I haven't been to Delacroix since the '90's. In 1996 I bought my first bay boat, as did 2 friends of mine. We fished all over, trying to find the 'right place'. Launched at Serignes 3 or 4 times. The first time, I felt a vibe that newbies weren't welcome. As I remember, it wasn't very busy that morning, so I tried to chat with them. No dice, very rude, gave the benefit of the doubt. Tried them a couple more times, then gave up on Delacroix.
Everywhere else we went, was a different story.
Bridgeside, great people.
Joe's Landing, always happy to see customers
Campo's, Blackie and Kenny were always happy to see you and give you some tips.
Breton Sound, Capt. Barry (rip) and crew very friendly and helpful. We ended up concentrating our efforts in Hopedale and Shell Beach, for both the fishing and the 2 great marinas down there.
You can get nightcrawlers and red wigglers at Academy.
Sad to see Frank pass. He was a character, I enjoyed watching his show every week, especially when he fished with Capt Ahab. He was cut from the same cloth as The Great Capt John L, with a slightly different form of humor.
friend of mine had the same problem, the axle was rated at the dry weight of the boat on the trailer, not the wet or actual weight of the boat on the trailer. Bent the axle as it was over loaded by 1,000 lbs.
I have a 15'flatboat with a 25 outboard. Back in 2006 I did the voluntary USCG AUX safety check. If you have an internal combustion engine, you must have a fire extinguisher on board. It is a USCG requirement, not LDWF.
I work for Academy. Corporate has required that we pull all Modern Sporting Rifles from display. If we have it, you can buy it. MSR's are selling as fast as we get them. There is a shortage of ammo across the country right now. Just check Fox News, they did a story on it at noon today. We are limiting 1 box of ammo per caliber, per day, per customer b/c we are getting a very limited supply. This way, everyone can get some, not just 1 guy buying all 30 boxes we have today.
I've hunted my whole life. My Dad was an avid hunter, and only killed a few deer. We hunted a lot as kids, and got plenty of rabbits and squirrels, but never a deer. We saw plenty of tracks, but never got one. I got away from hunting when my first child was born. Ten years later I worked with a guy that I became friends with and joined the New Sarpy Deer Club. I got my first deer on the first hunt with them running dogs in the swamp. What a great time. It was everything in your videos, just a little more modern. God, I love the sound of those dogs in the swamp. Sorry it is gone.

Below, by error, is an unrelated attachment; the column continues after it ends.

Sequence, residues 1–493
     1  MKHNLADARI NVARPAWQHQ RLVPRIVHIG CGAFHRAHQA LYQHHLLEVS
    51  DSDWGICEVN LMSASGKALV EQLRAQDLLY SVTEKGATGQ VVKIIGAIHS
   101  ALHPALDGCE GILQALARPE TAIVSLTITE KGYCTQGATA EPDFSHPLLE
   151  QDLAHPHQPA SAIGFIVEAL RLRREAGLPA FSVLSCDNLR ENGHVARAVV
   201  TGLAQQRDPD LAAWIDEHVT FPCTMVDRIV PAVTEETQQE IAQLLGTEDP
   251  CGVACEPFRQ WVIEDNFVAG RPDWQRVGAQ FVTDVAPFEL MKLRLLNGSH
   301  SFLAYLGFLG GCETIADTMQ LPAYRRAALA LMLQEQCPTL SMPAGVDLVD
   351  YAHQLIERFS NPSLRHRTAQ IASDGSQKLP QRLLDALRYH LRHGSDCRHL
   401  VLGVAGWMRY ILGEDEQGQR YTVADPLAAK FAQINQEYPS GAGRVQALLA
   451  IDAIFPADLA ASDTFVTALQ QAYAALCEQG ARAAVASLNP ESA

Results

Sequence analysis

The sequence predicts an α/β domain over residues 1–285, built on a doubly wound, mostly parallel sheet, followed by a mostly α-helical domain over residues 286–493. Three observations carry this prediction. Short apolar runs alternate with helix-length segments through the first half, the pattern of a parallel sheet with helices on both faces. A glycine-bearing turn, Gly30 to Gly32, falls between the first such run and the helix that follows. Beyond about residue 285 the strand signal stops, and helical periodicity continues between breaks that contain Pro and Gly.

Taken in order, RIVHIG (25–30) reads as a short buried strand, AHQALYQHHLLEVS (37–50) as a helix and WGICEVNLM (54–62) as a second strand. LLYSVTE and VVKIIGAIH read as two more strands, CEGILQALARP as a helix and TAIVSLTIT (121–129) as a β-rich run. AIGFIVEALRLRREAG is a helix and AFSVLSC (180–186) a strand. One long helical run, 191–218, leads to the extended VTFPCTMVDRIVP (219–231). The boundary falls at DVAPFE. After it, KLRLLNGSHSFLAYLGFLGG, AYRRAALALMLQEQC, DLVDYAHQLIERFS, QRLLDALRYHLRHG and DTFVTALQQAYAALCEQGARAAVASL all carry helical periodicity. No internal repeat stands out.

Like I always say, pics or it didn't happen............and then, it is still suspect.
there is more proof of the Jack a Lope than the cougar, LOL.................
Without a four page litany. Here we go. I joined a club, which no longer exists. (thank you Roussell lawyers of Laplace) When I first joined in 1996, you could jump 30 or so does in squirrel season, but we shot no bucks over a little basketball rack 6 or 8 point, with a 9 inch spread. After we shot 25 or more does for 2 years, we started to shoot nice 8pt 165lb deer.
coastal erosion is where our battle should be
I'm sorry if offended some, but I'm a big enough man to own it. I challenge the rest of you to own it when you screw up
maybe the local guys don't want to give away their spotsl
sure about what? your inability to catch fish?
I have friends that are guides, an suggest to customers o re schedule and they wont. not knowing the difference
I am sorry to hear that, he joins a great group who are no longer with ys.